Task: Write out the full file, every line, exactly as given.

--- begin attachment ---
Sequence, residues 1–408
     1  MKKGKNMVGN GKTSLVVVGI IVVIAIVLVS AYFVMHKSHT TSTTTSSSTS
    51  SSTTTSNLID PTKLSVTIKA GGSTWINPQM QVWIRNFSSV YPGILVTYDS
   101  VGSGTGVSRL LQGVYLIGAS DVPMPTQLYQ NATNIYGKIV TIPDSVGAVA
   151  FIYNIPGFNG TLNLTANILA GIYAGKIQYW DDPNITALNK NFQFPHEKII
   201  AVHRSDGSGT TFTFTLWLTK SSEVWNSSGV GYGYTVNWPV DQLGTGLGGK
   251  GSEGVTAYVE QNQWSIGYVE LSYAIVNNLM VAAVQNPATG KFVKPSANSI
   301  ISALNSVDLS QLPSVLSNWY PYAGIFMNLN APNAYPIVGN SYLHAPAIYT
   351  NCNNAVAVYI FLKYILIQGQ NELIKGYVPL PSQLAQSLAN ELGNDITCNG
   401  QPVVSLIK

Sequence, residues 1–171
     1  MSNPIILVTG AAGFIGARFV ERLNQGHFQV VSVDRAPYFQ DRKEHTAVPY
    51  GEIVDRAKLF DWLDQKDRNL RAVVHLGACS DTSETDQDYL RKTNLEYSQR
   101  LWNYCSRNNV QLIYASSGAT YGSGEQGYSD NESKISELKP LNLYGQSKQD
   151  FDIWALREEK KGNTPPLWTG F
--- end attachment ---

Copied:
Sequence, residues 1–408
     1  MKKGKNMVGN GKTSLVVVGI IVVIAIVLVS AYFVMHKSHT TSTTTSSSTS
    51  SSTTTSNLID PTKLSVTIKA GGSTWINPQM QVWIRNFSSV YPGILVTYDS
   101  VGSGTGVSRL LQGVYLIGAS DVPMPTQLYQ NATNIYGKIV TIPDSVGAVA
   151  FIYNIPGFNG TLNLTANILA GIYAGKIQYW DDPNITALNK NFQFPHEKII
   201  AVHRSDGSGT TFTFTLWLTK SSEVWNSSGV GYGYTVNWPV DQLGTGLGGK
   251  GSEGVTAYVE QNQWSIGYVE LSYAIVNNLM VAAVQNPATG KFVKPSANSI
   301  ISALNSVDLS QLPSVLSNWY PYAGIFMNLN APNAYPIVGN SYLHAPAIYT
   351  NCNNAVAVYI FLKYILIQGQ NELIKGYVPL PSQLAQSLAN ELGNDITCNG
   401  QPVVSLIK

Sequence, residues 1–171
     1  MSNPIILVTG AAGFIGARFV ERLNQGHFQV VSVDRAPYFQ DRKEHTAVPY
    51  GEIVDRAKLF DWLDQKDRNL RAVVHLGACS DTSETDQDYL RKTNLEYSQR
   101  LWNYCSRNNV QLIYASSGAT YGSGEQGYSD NESKISELKP LNLYGQSKQD
   151  FDIWALREEK KGNTPPLWTG F